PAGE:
Community Exchange Systems
Community Forge

June 2016


Community Exchange Systems (CES) and Community Forge (CF) are both networks of Community Currencies creating and implementing appropriate technological solutions. Together they provide several hundred communities, including for Timebanking New South Wales with hosted mini-social networks with accounting and other community tools. We are working towards nothing less than a parallel financial system in which peer to peer credit is used as an interest-free medium of exchange.

We notice that a great deal of software innovation is focused on building global communities of individuals; when local or geographic communities are mentioned it is merely as a way for users to connect, and groups are rarely enabled to configure their software, govern themselves, or even collectively migrate to other software. Our approach to social software is towards creating open protocols, so as not to trap users in silos but empower them with tools and standards.

CES started as a single web application which grew to host multiple groups. CES communities depend heavily on the server administrator and have few configuration options, but they enjoy a high level of integration, for example being able log transactions and view offers and wants between communities. In contrast CF gives each community its own Drupal instance, which means they have a high level of control and configuration, but great difficulty interacting between each other…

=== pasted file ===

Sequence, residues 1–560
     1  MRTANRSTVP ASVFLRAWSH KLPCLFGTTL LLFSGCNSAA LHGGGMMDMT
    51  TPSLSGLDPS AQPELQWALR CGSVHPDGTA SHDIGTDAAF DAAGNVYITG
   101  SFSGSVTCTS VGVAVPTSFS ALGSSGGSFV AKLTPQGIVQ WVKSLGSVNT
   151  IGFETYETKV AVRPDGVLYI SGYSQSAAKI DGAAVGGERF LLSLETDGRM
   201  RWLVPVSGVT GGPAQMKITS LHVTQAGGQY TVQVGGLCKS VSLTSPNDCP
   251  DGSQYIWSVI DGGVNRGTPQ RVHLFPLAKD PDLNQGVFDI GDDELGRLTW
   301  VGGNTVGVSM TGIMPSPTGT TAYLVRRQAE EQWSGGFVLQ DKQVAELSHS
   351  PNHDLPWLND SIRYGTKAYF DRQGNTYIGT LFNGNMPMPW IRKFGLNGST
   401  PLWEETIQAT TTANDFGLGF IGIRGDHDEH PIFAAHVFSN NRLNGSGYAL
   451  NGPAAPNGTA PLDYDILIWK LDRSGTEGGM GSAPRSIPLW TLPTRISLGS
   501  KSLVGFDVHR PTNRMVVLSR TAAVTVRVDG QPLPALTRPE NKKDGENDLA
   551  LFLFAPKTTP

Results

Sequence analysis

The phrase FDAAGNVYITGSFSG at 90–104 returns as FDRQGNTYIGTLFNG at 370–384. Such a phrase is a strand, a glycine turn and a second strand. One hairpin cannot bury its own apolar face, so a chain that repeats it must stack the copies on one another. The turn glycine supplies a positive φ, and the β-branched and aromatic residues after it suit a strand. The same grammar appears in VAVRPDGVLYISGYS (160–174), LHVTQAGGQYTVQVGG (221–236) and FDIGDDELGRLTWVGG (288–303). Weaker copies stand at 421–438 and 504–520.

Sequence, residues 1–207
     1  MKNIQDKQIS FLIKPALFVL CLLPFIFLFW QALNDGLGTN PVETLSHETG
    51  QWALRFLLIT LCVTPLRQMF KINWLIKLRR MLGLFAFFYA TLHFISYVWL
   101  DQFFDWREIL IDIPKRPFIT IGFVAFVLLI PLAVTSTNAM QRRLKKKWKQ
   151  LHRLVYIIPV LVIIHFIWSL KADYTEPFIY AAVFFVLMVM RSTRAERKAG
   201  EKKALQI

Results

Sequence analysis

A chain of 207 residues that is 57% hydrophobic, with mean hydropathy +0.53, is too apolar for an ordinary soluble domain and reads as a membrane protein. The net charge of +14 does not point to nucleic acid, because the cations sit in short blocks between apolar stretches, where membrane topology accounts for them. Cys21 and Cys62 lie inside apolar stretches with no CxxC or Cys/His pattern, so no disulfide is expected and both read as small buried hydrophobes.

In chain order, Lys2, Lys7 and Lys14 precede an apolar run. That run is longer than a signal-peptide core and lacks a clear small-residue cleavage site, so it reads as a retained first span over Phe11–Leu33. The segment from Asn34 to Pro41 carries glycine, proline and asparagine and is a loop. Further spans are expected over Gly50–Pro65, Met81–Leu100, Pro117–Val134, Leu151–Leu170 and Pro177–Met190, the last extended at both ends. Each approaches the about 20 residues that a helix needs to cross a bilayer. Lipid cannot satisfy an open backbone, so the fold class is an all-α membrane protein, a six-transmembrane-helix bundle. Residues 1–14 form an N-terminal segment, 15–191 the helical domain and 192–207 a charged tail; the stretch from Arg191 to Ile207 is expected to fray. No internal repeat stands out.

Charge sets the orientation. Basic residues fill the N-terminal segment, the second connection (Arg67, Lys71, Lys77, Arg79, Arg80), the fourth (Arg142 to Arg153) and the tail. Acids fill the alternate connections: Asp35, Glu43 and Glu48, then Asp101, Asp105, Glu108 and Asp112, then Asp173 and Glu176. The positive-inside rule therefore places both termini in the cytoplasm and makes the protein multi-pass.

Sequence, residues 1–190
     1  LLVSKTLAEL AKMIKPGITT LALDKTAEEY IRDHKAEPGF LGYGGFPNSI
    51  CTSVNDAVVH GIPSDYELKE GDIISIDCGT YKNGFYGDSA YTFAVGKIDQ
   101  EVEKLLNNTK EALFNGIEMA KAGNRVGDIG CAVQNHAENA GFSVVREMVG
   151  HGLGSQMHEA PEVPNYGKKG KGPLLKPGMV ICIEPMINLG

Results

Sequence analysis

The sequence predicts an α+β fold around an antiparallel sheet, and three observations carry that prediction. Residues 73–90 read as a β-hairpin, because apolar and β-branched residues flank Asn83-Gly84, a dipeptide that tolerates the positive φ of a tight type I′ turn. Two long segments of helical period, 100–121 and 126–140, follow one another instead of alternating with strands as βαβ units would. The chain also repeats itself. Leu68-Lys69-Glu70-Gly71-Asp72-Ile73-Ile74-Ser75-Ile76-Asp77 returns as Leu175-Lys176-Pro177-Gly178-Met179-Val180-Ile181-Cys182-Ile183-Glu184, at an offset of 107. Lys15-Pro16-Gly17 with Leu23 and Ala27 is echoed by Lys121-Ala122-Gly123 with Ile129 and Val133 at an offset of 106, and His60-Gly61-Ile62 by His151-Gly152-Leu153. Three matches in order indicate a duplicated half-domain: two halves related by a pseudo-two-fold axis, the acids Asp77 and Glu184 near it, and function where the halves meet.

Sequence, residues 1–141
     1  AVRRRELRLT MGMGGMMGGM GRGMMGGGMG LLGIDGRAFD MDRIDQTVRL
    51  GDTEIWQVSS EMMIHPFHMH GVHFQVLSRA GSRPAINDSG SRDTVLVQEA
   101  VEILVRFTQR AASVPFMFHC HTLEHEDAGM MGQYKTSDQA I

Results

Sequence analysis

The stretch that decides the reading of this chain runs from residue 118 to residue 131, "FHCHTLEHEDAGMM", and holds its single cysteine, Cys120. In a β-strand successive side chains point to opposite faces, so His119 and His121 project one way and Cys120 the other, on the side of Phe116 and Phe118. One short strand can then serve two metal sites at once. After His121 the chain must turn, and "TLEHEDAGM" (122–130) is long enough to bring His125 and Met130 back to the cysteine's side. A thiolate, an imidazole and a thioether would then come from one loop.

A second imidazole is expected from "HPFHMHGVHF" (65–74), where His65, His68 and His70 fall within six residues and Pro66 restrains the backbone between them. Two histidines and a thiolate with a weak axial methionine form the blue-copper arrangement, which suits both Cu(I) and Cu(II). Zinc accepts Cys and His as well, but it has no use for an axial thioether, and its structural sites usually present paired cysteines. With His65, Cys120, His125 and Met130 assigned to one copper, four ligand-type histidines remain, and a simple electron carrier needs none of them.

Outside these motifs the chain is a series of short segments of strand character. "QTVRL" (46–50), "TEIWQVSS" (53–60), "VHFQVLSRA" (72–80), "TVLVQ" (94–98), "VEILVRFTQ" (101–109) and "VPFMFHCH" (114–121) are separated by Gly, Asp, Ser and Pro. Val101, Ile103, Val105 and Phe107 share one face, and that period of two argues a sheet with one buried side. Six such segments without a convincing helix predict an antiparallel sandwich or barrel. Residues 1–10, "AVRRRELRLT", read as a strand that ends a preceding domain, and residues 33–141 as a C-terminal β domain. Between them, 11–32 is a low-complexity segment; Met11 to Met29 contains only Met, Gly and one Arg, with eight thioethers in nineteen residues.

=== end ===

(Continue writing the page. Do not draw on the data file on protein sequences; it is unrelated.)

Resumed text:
The two organisations are working together to give member communities a full range of hosting options and integration. We understand the best approach is to abstract features which should run between communities into web services. This is in line with the thinking of the Collaborative Technology Alliance, though we are concerned almost exclusively with two particular services.

  1. Accounting. While each community should keep its own accounts, transactions between ledgers need to be stored by a neutral 3rd party. We briefly described a model for such a web service, called the Credit Commons, which would be economically sound and very scalable in a recent white paper. This is the less urgent of the services, since we have an early prototype working.
  2. Classified ads allow members to advertise opportunities for exchange, support and interaction. They are a vital part of any community hub. Local economies are often too small for exchanges to be identified. Also many services are increasingly online and thus independent of location. We therefore need a web service which simply stores and retrieves categorised classified ads outside and hence between each community’s social network silo.

Other requirements

We have considered a few options of existing software such as ShareTribe but found nothing which supports this community approach; everything assumes that the account-holders are individuals. The distinction is important because because we prefer to keep member information on a local server and store the ads in an anonymised way. The web service would forward contact requests to the local server which would then forward expressions of interest to owners of the ads.

Taxonomy is a special challenge when making objects searchable across languages and cultures. There would be a great deal of negotiation involved in agreeing a taxonomy of ads, and translating it would throw up all kinds of issues. However we do not desire a perfect solution. It is more important to support local categories, local searching and local retrieval. It seemed to us therefore that each object would be stored with some untranslated keywords which may or may not correspond to taxonomy terms in the community social network. It would also be possible to filter ads using the full text of each. This, in combination with other filters detailed below, should be adequate without being complicated.